A few weeks ago, on a visit to Pittsburgh in the US, I saw an Uber SUV with a spinning device mounted on top driving around the city. Uber tests its driverless vehicles in Pittsburgh, but they still have humans as backup behind the wheel.
Autonomous vehicles or driverless cars are barely taking off, when, the next day, I read about another disruption: in the air. Kitty Hawk, a Silicon Valley company demonstrated a prototype flying car or machine powered by batteries. Kitty Hawk is financed by Larry Page, the co-founder of Google.
Think of the disruption Uber could cause with autonomy: long-haul trucks without drivers, delivery, and more. Uber has already tested driverless trucks and made a delivery last year.
Welcome to the age of technological leaps and disruption, where AI, machine learning, autonomy, robotics, 3D, Internet of things (IOT), and big data are a reality. What’s more, this is already in our lives and most of us are benefiting from it in spite of knowing nothing about it.
The exuberance there is a far cry from the pressures faced by traditional technology behemoths in India. This is a different kind of disruption hitting technology companies in India. A mix of old business models, some politics, and probably slowness in embracing change have slowed the dream run of the pioneers. Consultants Mckinsey & Co. says Indian IT will loose between 1.75 to 2 lakh jobs annually for the next two to three years.
The Made in India dream
Indian IT has been at the crossroads for several years now. It desperately needs to reinvent and shed the cheap labor tag. Will we see the next big thing 'Made in India?' Chances are we will.
Experts say there are pockets of innovation in India. An ecosystem for entrepreneurship exists, and there is a growing appetite for risk, especially when entry barriers are low. This is fueling hundreds of startups across the country. With right advice and backing, things could change for these companies. Also, India is a huge market with a growing economy ripe for scale. What’s more, the reliance on export revenues will reduce in time.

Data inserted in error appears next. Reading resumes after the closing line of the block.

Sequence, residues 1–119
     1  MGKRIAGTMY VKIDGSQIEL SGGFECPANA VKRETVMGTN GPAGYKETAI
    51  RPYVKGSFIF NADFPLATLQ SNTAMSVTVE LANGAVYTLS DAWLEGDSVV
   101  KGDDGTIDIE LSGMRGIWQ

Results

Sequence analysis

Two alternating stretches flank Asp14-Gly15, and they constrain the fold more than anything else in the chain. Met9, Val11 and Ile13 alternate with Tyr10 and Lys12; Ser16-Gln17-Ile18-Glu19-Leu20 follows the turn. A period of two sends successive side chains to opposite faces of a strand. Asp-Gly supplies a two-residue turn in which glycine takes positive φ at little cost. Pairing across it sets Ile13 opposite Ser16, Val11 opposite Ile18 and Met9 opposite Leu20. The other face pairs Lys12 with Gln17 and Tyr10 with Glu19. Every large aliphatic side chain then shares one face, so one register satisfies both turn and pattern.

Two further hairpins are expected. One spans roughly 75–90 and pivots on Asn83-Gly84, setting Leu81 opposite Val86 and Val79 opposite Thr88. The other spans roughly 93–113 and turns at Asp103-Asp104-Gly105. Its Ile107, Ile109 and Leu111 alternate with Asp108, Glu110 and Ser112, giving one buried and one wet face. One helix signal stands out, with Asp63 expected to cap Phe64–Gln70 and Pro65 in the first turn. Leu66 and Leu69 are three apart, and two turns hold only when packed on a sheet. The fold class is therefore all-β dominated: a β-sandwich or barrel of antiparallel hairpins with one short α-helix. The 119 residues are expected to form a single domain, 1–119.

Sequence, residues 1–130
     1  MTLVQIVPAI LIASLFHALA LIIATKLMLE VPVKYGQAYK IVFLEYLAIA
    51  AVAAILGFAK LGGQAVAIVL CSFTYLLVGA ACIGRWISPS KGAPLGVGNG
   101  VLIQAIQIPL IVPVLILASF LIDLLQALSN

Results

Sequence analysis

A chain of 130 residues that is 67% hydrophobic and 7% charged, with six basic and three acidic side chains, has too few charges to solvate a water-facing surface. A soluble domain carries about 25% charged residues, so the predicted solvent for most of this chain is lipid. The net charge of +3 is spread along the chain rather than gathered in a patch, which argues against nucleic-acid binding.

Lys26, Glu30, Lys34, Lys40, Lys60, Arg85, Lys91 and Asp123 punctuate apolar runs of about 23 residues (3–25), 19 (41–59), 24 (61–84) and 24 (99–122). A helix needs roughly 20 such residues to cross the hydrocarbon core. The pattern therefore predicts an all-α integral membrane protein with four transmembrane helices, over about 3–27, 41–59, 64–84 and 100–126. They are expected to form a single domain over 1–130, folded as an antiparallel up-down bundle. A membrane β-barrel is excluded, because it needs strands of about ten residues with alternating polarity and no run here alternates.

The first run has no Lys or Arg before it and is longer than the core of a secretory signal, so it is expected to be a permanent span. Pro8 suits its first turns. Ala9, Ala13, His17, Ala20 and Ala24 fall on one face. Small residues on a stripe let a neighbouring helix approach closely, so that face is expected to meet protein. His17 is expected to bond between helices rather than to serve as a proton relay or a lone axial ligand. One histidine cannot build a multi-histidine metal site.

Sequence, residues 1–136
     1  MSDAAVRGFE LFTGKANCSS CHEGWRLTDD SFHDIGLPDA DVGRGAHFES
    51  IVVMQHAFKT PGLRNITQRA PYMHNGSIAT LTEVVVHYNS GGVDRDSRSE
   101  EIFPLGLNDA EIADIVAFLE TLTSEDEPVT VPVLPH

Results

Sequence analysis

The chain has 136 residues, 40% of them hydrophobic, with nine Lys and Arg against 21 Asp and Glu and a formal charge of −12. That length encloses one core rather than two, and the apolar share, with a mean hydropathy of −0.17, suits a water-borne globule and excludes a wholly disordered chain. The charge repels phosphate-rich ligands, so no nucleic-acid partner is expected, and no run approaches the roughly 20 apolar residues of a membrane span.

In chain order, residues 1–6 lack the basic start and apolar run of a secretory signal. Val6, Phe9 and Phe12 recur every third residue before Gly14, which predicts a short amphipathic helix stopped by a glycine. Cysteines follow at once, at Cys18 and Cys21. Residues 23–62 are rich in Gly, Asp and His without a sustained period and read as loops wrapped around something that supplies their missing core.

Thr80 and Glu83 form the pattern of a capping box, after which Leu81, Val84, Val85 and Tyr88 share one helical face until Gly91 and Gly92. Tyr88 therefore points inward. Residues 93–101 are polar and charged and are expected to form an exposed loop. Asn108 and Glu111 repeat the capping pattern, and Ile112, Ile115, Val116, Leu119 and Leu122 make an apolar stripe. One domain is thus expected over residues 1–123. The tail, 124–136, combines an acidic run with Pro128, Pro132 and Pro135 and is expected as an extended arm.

For this to happen, the stars need to align. First, for cutting-edge technology there needs to be serious collaboration between Indian universities and corporate India. We must build partnerships to get access to new thinking and technology.
While I was studying in Carnegie Mellon University (CMU), Pittsburgh, more than 20 years ago, there was excitement on the campus when researchers in the university attempted a cross-country trip with one of the first driver-less cars in the world. This is a reality now and Uber has its development center close to CMU.
RoBotany, smart farms
Even in non-glamourous fields such as agriculture, cutting-edge technology is finding ways to increase yield. RoBotany, started by a CMU student, is using robotics, automation, data, and software analytics to provide quality produce in smart farms around the year, irrespective of the season or location.
The gizmos and gadgets we see in movies are now being developed for our daily use. There are hundreds of startups in the race to develop the next big idea.
In addition, curricula in our universities need a fundamental change to focus on emerging technologies. Currently, there is no flexibility to foster new thinking.
Next, re-skilling is a must and needs to be done on a war footing. Experts say about 70% could be re-skilled for the new era while others are skeptical and say, maybe, half the workforce can adapt.
Finally, Indian companies need to invest in creating products, more than ever. There are several companies that are leaders in niche spaces and they are competing across the world. This trend will continue and we will see many more in emerging technologies from India.
The next frontier seems to be artificial intelligence (AI) and this is going to fundamentally change our lives. For better or worse is the question. Is India prepared for many of the advances in AI? Ethically, it could pose challenges to us.
We are already seeing new technology aiding and sometimes substituting humans in many areas such as manufacturing, surgery, and more. In this race to make everything better for us humans, there is a scary thought for many: will machines ultimately control us and cause chaos?
All these new technologies have huge implications on traditional business, ways of life, and society. We are already seeing machines replacing humans and as more of this happens, there will be shocks to Indian society and the impact on us is still unknown.
The next few years are crucial for Indian technology companies. We hope to see the next Google from India in a decade.